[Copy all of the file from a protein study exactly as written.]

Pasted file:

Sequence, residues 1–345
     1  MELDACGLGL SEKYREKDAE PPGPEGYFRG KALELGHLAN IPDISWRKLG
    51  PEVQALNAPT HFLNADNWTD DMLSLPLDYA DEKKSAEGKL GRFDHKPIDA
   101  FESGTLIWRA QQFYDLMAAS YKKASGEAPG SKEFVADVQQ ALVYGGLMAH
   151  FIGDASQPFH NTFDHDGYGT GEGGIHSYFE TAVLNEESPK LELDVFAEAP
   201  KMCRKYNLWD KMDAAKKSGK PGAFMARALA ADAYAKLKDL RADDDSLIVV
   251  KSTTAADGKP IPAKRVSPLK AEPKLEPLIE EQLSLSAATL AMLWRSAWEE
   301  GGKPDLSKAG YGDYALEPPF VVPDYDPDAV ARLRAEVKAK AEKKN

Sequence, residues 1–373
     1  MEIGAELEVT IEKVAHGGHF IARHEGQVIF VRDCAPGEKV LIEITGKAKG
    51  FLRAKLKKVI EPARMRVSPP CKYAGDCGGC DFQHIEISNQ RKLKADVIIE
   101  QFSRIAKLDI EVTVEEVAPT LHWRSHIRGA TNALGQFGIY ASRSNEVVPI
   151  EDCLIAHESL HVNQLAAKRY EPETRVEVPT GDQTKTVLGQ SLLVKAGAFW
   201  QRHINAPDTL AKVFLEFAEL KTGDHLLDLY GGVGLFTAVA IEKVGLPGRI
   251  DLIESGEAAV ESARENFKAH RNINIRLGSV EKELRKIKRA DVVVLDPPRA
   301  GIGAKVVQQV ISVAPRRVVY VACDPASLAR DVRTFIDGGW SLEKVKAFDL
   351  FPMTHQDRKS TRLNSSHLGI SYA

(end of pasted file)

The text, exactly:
Sequence, residues 1–345
     1  MELDACGLGL SEKYREKDAE PPGPEGYFRG KALELGHLAN IPDISWRKLG
    51  PEVQALNAPT HFLNADNWTD DMLSLPLDYA DEKKSAEGKL GRFDHKPIDA
   101  FESGTLIWRA QQFYDLMAAS YKKASGEAPG SKEFVADVQQ ALVYGGLMAH
   151  FIGDASQPFH NTFDHDGYGT GEGGIHSYFE TAVLNEESPK LELDVFAEAP
   201  KMCRKYNLWD KMDAAKKSGK PGAFMARALA ADAYAKLKDL RADDDSLIVV
   251  KSTTAADGKP IPAKRVSPLK AEPKLEPLIE EQLSLSAATL AMLWRSAWEE
   301  GGKPDLSKAG YGDYALEPPF VVPDYDPDAV ARLRAEVKAK AEKKN

Sequence, residues 1–373
     1  MEIGAELEVT IEKVAHGGHF IARHEGQVIF VRDCAPGEKV LIEITGKAKG
    51  FLRAKLKKVI EPARMRVSPP CKYAGDCGGC DFQHIEISNQ RKLKADVIIE
   101  QFSRIAKLDI EVTVEEVAPT LHWRSHIRGA TNALGQFGIY ASRSNEVVPI
   151  EDCLIAHESL HVNQLAAKRY EPETRVEVPT GDQTKTVLGQ SLLVKAGAFW
   201  QRHINAPDTL AKVFLEFAEL KTGDHLLDLY GGVGLFTAVA IEKVGLPGRI
   251  DLIESGEAAV ESARENFKAH RNINIRLGSV EKELRKIKRA DVVVLDPPRA
   301  GIGAKVVQQV ISVAPRRVVY VACDPASLAR DVRTFIDGGW SLEKVKAFDL
   351  FPMTHQDRKS TRLNSSHLGI SYA